The reference event
An 83-year-old man was admitted to hospital via the Emergency Department. He complained of feeling unwell for the previous few weeks, decreased appetite, vomiting after eating, loose stools and abdominal discomfort. A medical history of type 2 diabetes, rheumatoid arthritis, hypertension (high blood pressure) and high cholesterol were recorded.
The following day the patient was transferred to the Acute Medical Unit with a diagnosis of
hyperglycaemia (high blood sugar) and acute kidney injury; he was later transferred to a diabetes and endocrinology ward.
Eleven days after being admitted, the patient had recovered enough for a discharge plan to be made to allow him to return home. However, on day 12 his clinical condition unexpectedly began to deteriorate,
and this progressed to the extent that over the course of a few hours he became unresponsive.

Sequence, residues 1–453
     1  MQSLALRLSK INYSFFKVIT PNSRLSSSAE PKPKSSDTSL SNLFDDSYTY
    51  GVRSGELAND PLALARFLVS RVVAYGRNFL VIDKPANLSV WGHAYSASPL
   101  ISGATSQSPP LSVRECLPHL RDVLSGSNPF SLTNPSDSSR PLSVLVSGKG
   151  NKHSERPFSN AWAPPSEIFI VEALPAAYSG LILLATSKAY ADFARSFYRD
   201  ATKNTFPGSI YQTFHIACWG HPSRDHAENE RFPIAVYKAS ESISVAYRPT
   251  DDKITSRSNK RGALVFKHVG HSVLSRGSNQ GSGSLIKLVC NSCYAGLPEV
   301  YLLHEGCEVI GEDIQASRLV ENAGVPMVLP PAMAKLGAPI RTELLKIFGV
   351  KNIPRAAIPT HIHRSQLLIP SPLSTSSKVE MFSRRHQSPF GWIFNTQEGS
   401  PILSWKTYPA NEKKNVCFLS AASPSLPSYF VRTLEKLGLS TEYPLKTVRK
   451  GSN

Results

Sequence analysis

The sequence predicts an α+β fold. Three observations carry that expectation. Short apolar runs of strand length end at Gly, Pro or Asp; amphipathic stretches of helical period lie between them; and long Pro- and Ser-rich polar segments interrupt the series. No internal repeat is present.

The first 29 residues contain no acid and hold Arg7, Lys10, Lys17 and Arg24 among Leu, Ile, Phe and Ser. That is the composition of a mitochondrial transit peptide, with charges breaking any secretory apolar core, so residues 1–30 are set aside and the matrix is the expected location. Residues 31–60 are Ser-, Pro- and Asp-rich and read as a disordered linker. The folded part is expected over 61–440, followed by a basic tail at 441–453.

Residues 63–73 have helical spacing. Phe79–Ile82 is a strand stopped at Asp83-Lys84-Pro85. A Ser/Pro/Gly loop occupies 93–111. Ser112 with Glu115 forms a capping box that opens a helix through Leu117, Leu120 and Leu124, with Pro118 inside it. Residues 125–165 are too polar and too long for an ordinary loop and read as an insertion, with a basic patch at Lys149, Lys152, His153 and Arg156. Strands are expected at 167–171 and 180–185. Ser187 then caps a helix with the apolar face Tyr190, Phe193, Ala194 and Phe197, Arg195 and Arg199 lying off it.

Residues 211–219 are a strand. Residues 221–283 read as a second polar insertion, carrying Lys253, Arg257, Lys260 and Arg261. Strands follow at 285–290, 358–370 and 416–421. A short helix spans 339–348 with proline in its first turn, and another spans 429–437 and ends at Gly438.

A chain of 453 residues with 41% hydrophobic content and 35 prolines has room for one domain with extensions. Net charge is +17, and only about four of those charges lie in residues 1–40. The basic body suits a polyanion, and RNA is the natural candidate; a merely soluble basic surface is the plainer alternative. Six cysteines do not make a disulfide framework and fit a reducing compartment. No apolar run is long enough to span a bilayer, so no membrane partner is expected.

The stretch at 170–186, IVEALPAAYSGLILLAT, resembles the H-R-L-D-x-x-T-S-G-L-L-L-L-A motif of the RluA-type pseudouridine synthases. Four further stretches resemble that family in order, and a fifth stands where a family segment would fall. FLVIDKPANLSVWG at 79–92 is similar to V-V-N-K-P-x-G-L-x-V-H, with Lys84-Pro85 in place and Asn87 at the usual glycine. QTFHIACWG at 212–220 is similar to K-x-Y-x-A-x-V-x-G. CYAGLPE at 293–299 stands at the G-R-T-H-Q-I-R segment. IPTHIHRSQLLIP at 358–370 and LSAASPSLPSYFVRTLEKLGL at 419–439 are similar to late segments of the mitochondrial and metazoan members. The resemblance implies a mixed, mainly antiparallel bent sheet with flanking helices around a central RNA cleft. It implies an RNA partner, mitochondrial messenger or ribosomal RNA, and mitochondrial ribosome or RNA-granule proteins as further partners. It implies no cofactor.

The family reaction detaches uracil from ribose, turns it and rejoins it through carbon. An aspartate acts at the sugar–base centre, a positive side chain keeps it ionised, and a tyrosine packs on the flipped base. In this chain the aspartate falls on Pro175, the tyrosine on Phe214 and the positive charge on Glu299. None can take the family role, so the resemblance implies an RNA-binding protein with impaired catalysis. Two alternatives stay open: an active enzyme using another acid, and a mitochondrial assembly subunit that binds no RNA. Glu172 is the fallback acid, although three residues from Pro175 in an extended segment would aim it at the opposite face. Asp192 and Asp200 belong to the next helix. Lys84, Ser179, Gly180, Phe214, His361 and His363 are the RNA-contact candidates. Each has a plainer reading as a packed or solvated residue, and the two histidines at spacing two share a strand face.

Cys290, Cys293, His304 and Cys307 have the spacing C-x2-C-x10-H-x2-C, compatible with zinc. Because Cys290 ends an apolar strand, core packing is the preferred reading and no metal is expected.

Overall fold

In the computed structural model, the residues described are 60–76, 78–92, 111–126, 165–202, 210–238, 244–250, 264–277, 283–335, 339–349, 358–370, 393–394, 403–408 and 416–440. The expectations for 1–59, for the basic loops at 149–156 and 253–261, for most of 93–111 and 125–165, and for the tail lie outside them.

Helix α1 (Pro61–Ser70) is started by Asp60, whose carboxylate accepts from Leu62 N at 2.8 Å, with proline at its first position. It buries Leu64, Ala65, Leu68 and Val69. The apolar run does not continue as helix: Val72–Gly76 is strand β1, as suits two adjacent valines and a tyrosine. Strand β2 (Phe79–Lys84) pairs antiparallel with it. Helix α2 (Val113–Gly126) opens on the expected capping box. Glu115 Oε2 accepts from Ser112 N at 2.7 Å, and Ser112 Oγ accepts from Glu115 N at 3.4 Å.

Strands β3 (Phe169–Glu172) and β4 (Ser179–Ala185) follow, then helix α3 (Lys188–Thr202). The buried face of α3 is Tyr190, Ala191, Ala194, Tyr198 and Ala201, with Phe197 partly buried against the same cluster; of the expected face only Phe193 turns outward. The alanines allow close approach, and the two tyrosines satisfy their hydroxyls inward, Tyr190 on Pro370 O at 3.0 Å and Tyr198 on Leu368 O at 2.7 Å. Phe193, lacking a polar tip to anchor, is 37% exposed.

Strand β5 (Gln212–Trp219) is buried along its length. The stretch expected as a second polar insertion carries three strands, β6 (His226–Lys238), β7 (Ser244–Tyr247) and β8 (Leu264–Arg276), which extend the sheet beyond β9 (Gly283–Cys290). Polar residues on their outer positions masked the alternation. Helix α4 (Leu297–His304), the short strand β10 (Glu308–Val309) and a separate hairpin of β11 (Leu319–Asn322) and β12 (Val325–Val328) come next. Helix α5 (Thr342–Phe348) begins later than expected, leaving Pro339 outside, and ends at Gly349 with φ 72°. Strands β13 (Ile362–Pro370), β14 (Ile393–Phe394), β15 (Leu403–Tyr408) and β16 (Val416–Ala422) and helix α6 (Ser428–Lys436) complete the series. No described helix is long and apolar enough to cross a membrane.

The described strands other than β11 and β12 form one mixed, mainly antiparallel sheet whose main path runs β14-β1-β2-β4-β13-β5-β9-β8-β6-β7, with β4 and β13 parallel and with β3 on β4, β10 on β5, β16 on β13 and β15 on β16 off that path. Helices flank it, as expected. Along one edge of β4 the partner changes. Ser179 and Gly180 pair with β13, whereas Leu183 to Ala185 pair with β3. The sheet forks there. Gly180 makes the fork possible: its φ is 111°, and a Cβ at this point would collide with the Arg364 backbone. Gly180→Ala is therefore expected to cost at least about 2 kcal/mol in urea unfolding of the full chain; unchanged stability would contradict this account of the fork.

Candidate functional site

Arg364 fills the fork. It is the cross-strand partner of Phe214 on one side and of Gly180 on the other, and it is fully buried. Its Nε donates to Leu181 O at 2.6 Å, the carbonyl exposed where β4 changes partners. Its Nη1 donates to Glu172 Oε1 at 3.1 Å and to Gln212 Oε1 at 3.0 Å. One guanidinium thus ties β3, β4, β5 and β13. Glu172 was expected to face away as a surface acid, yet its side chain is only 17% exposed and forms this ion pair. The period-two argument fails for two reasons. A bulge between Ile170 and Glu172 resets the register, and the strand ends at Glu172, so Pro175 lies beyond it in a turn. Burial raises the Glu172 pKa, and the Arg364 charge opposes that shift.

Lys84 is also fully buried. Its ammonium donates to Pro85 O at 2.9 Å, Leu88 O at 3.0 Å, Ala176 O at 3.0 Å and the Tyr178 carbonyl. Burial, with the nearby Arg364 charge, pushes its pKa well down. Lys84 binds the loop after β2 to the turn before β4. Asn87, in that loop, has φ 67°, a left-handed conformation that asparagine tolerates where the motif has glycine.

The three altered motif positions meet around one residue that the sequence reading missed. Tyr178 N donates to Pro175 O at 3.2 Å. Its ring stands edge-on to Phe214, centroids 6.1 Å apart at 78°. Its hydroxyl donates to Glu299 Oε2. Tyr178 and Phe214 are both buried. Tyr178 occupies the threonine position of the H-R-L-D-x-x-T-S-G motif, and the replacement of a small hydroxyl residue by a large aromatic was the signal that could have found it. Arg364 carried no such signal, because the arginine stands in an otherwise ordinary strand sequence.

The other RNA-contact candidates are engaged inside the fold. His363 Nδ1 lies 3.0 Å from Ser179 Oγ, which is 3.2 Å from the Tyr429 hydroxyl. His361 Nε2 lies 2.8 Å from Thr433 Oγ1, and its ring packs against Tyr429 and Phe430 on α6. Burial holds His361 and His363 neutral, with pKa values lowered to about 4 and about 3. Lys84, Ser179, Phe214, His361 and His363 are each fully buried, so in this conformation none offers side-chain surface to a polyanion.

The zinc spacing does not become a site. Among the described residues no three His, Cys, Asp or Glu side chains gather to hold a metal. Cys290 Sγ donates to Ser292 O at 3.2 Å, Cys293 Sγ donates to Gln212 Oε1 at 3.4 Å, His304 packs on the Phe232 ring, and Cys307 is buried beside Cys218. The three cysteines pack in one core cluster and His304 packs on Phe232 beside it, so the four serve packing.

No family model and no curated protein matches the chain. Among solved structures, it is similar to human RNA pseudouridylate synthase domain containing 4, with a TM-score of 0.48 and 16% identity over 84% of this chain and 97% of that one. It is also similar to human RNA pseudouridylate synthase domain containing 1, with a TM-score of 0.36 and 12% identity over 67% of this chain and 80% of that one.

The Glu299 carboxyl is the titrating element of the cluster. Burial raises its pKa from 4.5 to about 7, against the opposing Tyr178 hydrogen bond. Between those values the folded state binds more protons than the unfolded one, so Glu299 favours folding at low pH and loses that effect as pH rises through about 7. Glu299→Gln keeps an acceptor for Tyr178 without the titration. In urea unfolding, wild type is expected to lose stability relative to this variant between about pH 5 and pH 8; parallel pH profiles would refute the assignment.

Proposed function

A nurse began cardiopulmonary resuscitation (CPR) and a resuscitation trolley was brought to the bedside by a care support worker. The resuscitation team arrived, and the patient’s breathing was supported using a bag-valve-mask, with a reservoir bag attached, connected to a portable oxygen supply with a standard valve.
After approximately 10 minutes of CPR, it was recognised that the reservoir bag was not inflating between breaths, which was interpreted by the resuscitation team as an indication that the patient was not receiving supplementary oxygen. The resuscitation team concluded that the oxygen cylinder was empty, so the cylinder was replaced, and the oxygen supply checked as being delivered to the patient. Despite further CPR, the patient remained unresponsive and CPR was eventually stopped. The patient subsequently died.
The following morning the medical gases porter arrived on the ward to replace the cylinder that was thought to be empty. Upon examination, the cylinder was found to be full.
HSIB then carried out a wider investigation and here are their findings.